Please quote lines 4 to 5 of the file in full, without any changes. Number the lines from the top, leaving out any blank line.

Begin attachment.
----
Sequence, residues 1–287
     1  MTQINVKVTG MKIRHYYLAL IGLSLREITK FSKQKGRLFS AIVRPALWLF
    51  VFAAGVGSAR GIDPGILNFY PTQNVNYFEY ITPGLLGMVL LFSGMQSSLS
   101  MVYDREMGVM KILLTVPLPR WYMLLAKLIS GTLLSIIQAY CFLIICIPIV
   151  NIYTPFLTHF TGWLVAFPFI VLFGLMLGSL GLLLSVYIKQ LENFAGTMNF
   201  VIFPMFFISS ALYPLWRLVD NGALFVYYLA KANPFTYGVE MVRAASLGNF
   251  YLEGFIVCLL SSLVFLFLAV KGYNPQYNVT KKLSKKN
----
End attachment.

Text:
   101  MVYDREMGVM KILLTVPLPR WYMLLAKLIS GTLLSIIQAY CFLIICIPIV
   151  NIYTPFLTHF TGWLVAFPFI VLFGLMLGSL GLLLSVYIKQ LENFAGTMNF